Note: This blog post is the first in a series on artificial intelligence (AI), what it is, the different types, how each type works, the legal and security issues potentially involved, and most importantly how to make the most of it as part of your Security Awareness and Human Risk efforts. This series will focus primarily on generative AI. The goal of this blog series is to not only amplify and improve the maturity of your organization’s human risk management program, but also provide the skills to grow your reputation and career.
What is AI?
AI are systems programmed to think and respond like humans. In fact, I asked the AI system ChatGPT that very question. This was its response:
“Artificial intelligence (AI) refers to the simulation of human intelligence in machines that are programmed to think and learn like humans. It involves the development of algorithms and computer programs that can perform tasks that typically require human intelligence, such as recognizing speech, understanding natural language, making decisions, and playing games. There are several types of AI, including rule-based, expert systems, and machine learning.”
What makes AI so powerful is that it can have the intelligence and reasoning capability of the human mind but can analyze exponentially more information and do it in a matter of seconds. The concept of AI is not new. Originally covered in science fiction novels, AI has been in development for decades. We are hearing so much about it now because for the first time, we have the chance to interact with and see the true functionality of AI.
ChatGPT, an online-powered AI chat bot, is one of the first publicly available chat bots that has the ability to think and respond like a real human, passing what’s called the Turing Test. Originally developed by Alan Turing in 1950, the Turing Test determines a machine’s ability to exhibit intelligent behavior by having a real human interact and have a conversation with the machine via a test-based chat channel. If the human cannot tell whether they are interacting with a machine or a person (in other words, they cannot tell the difference), the machine passes the test.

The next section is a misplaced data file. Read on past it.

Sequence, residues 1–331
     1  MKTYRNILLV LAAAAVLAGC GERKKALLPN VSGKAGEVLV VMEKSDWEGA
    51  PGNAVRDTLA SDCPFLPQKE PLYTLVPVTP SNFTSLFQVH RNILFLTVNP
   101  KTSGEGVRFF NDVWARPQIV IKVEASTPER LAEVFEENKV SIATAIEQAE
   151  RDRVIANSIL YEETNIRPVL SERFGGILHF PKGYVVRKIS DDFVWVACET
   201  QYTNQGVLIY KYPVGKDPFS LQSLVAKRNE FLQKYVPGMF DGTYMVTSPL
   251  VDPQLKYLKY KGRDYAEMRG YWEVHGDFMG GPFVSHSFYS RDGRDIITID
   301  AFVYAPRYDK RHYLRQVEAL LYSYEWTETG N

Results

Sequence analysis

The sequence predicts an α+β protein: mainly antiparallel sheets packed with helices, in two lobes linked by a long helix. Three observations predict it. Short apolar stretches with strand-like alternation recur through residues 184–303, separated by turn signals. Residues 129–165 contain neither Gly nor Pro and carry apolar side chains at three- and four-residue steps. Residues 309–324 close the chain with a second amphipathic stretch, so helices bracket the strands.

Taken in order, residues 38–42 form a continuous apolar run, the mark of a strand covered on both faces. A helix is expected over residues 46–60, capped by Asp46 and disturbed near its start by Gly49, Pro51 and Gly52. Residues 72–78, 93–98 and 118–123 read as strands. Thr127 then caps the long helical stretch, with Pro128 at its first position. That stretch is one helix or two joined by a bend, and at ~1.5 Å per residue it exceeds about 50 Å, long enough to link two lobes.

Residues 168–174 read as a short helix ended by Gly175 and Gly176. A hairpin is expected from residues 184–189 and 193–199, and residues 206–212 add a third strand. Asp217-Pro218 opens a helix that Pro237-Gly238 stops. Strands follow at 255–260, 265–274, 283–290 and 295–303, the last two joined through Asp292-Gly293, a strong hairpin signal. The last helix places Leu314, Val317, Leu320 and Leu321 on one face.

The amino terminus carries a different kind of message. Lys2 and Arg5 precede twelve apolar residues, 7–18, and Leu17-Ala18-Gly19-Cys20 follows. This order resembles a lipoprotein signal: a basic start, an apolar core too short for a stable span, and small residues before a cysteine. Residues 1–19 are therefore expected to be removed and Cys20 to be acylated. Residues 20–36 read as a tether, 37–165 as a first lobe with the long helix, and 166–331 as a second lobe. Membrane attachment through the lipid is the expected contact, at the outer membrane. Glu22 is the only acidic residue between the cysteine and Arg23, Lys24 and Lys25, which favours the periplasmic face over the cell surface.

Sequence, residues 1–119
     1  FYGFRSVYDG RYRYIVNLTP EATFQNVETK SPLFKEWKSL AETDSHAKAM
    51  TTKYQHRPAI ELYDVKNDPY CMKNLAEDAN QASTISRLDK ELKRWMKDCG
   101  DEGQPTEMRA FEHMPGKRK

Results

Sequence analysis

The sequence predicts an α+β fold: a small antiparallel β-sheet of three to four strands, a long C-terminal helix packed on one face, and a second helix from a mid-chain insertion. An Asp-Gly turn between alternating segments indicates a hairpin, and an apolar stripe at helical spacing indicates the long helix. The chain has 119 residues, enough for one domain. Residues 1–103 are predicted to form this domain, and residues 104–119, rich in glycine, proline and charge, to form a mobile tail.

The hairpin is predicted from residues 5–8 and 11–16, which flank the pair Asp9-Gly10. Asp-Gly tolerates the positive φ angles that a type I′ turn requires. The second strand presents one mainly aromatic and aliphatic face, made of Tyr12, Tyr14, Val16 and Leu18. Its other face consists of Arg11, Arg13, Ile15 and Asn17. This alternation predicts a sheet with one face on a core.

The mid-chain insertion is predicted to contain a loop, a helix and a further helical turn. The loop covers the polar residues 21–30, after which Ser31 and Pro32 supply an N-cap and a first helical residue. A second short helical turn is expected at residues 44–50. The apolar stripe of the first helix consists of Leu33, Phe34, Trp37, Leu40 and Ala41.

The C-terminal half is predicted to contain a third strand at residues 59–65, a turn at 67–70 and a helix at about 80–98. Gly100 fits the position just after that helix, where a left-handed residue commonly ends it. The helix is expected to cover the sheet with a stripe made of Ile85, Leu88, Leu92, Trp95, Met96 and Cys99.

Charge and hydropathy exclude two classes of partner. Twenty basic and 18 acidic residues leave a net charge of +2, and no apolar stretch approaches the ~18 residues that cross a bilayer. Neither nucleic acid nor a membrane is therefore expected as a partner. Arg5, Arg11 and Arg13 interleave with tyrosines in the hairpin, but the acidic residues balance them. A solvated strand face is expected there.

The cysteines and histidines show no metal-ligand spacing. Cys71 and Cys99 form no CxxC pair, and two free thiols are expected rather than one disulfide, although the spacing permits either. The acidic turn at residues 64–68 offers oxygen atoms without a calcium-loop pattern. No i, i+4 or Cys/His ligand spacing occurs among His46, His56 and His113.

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ChatGPT and other AI solutions today are some of the first publicly available solutions that do just that. However, online conversations are just the beginning of what AI can do. There are now AI solutions that can create in real-time a video of a real person teaching anything you want in any language you want, analyze millions of health records and quickly determine who most likely has cancer, create news articles or essays on the topic of your choice, generate images for children’s books or analyze and understand images you submit, and generate code for new computer programs.
AI is not to be feared, it is simply a very new and powerful tool that we can take tremendous advantage of. One of the biggest challenges we face in cybersecurity, especially when trying to address human risk, is the teams responsible are often grossly understaffed lacking the people and resources to effectively get the job done. AI has the ability to exponentially increase your capacity and amplify your impact at a fraction of the time and cost of traditional methods. As such I’ll be going into the numerous ways and examples of how you can safely and securely leverage AI.
What are the different types of AI and which should I use?
AI describes a very large and diverse field of research. There are many terms used to define AI and related sub-fields, so it can get very confusing very fast. Below, I simplify key elements of AI and how they relate to each other. Remember, I’m focusing on the use of AI from a managing human risk perspective, so what I cover here is only a small part of a very broad science.